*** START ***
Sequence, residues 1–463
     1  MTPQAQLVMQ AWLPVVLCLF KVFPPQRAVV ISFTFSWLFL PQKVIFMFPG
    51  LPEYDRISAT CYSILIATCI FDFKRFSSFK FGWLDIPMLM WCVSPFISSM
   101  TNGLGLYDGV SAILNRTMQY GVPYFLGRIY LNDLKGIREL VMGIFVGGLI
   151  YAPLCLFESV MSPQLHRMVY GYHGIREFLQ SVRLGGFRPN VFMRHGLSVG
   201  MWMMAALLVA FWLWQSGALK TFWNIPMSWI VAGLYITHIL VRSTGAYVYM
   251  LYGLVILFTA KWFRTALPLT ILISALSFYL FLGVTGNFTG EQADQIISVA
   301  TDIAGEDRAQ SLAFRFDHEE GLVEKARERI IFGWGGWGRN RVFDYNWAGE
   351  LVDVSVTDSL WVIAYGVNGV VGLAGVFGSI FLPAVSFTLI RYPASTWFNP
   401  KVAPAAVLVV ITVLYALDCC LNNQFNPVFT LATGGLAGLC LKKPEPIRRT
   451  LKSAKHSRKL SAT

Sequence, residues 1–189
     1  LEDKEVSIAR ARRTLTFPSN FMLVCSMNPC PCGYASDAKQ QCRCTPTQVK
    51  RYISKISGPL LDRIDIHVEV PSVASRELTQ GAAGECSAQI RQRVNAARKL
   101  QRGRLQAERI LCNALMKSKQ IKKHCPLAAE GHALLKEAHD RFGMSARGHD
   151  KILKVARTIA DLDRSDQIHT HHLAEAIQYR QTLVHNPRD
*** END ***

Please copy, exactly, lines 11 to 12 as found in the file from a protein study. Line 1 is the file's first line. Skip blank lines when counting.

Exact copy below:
   451  LKSAKHSRKL SAT

Sequence, residues 1–189